I leave my car at the library and walk the one block north to the shopping district. I find the Barking Dog which is just an empty shell with nothing but a nice blue tile floor and two men sweeping. I am really hesitant to ask but I do anyway. One of the guys thinks for a minute and says he doesn’t have any left but if he did he would have sent someone to get one for me and suggests I go to the drug store across the street. Both men are genuinely nice and I thoroughly believed that he would have sent someone to his house to get me a $15 book had he had it.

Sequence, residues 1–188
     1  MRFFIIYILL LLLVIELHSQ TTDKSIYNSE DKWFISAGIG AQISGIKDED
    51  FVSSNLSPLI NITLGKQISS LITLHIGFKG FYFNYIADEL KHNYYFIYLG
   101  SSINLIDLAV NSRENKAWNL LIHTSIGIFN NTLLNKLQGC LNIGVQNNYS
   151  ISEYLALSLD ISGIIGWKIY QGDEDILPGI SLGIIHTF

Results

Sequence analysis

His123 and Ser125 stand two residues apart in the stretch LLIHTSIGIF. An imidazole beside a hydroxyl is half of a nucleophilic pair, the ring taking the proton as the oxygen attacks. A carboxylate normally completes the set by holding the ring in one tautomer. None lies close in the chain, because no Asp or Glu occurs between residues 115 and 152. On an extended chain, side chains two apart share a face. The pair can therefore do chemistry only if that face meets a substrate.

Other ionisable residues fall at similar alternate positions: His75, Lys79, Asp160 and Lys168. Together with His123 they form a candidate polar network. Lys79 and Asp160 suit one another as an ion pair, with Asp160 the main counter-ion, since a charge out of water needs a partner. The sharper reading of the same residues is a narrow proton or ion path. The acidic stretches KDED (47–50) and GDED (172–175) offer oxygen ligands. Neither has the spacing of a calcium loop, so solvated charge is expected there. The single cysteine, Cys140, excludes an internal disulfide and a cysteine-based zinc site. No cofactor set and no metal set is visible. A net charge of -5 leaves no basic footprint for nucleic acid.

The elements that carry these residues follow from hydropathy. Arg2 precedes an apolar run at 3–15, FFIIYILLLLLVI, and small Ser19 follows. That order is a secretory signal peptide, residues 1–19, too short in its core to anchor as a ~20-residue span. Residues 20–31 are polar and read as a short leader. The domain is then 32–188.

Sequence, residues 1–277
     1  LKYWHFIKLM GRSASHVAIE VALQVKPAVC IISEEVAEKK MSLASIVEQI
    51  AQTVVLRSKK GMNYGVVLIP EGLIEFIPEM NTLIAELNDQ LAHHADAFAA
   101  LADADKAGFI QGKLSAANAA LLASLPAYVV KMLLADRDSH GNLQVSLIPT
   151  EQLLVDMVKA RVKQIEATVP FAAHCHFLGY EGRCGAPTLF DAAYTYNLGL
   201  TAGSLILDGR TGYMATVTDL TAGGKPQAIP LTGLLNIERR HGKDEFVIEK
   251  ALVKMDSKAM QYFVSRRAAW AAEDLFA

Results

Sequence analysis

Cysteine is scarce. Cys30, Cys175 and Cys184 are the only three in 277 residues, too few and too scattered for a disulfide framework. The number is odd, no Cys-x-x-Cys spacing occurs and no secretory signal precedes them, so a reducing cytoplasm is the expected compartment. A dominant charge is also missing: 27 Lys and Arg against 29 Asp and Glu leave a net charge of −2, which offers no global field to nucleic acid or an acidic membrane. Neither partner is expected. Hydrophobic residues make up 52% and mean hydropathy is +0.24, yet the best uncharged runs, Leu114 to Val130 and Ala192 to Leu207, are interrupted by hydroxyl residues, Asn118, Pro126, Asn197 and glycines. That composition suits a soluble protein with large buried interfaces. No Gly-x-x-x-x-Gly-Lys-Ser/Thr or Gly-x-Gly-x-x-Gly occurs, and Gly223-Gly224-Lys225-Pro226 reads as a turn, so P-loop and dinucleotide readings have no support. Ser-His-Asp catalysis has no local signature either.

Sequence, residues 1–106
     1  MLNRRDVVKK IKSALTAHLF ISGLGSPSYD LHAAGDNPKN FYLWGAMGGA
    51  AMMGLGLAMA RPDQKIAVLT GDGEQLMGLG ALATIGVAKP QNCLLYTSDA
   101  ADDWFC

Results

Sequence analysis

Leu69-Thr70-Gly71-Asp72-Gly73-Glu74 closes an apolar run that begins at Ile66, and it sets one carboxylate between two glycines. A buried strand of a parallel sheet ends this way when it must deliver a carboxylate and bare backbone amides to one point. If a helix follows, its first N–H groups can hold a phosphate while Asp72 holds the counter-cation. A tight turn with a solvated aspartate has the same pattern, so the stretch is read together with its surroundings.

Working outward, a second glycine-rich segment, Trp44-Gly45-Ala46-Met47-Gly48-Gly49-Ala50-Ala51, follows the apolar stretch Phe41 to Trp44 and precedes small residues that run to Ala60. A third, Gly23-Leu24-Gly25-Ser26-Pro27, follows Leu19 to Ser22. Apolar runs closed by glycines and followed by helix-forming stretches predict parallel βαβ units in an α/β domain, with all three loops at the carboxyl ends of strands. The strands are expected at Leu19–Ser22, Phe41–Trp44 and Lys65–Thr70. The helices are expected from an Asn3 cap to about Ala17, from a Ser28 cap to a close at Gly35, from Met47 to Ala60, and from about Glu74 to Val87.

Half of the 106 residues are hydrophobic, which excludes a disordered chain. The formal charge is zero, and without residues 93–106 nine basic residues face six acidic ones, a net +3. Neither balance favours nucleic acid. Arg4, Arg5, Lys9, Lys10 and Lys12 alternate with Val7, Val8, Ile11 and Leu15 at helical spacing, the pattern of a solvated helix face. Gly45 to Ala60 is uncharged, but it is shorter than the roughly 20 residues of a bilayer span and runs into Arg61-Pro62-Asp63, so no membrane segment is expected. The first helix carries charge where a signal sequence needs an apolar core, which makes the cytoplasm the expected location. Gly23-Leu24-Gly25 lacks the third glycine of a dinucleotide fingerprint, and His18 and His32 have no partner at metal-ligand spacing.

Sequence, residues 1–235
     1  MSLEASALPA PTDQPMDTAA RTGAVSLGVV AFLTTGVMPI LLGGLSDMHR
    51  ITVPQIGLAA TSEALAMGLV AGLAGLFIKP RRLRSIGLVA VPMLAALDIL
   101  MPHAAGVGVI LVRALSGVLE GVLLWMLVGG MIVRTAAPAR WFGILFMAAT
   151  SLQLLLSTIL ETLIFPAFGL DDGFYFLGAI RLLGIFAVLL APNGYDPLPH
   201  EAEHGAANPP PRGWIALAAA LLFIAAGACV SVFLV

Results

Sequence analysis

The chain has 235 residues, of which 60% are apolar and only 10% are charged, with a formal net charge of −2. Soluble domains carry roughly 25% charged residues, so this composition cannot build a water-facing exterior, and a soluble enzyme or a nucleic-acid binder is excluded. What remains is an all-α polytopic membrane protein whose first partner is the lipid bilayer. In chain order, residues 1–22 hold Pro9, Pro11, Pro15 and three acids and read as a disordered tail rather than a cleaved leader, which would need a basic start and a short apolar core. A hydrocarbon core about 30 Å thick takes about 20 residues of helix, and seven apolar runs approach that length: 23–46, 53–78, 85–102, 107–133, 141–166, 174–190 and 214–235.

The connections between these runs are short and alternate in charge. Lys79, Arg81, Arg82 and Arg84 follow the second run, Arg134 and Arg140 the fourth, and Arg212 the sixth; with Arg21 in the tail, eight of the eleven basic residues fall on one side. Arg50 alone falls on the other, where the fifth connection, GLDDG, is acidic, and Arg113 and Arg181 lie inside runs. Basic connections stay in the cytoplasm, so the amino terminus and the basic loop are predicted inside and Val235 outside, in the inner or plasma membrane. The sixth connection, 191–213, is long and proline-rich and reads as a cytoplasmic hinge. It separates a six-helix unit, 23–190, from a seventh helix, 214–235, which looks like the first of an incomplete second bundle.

I go to the drug store. It is approximately the size of my livingroom and I can tell in under two minutes they do not have the book. I was planning on going to the antique store across the street when the sight of a cute dog lures me over to a bench in front of the Red Canyon Gallery. The stuff in the windows of the Red Canyon lures me inside. I begin talking to Mary who owns the place, while deciding on a stunning handmade copper barrette of The Rockies as my official souvenir of Lyons. I tell her what my real goal is and she says ‘Oh I have those”. She does. She has ALL the books I am looking for and the town postcard I had seen but had yet to find for sale. Mary also tells me that Mrs. LaVern is living with her son at the moment because she broke her leg last summer and is still recovering. “Her husband was also named Laverne you know.” I know. We look up Mrs. LaVern’s son’s number in the phone book. Mary’s phone rings and she takes the call. I hear her say. “You know there is a lady in here right now looking for more information on her Great-Great Grandfather that is in Al’s book “ and hands me the phone. It’s the author of the other book on quarries and town history I have in my hand. I offer to call her back on my own phone and not tie up the shop phone and Mary says “Oh this is Lyons. No one cares, talk as long as you like.” Which we did. She gave me the number of several other people in town that would be useful, the number to the author of the other book I purchased and the coordinates to the cemetery plot where the Lowe’s were buried. I was starting to feel a little like Cinderella.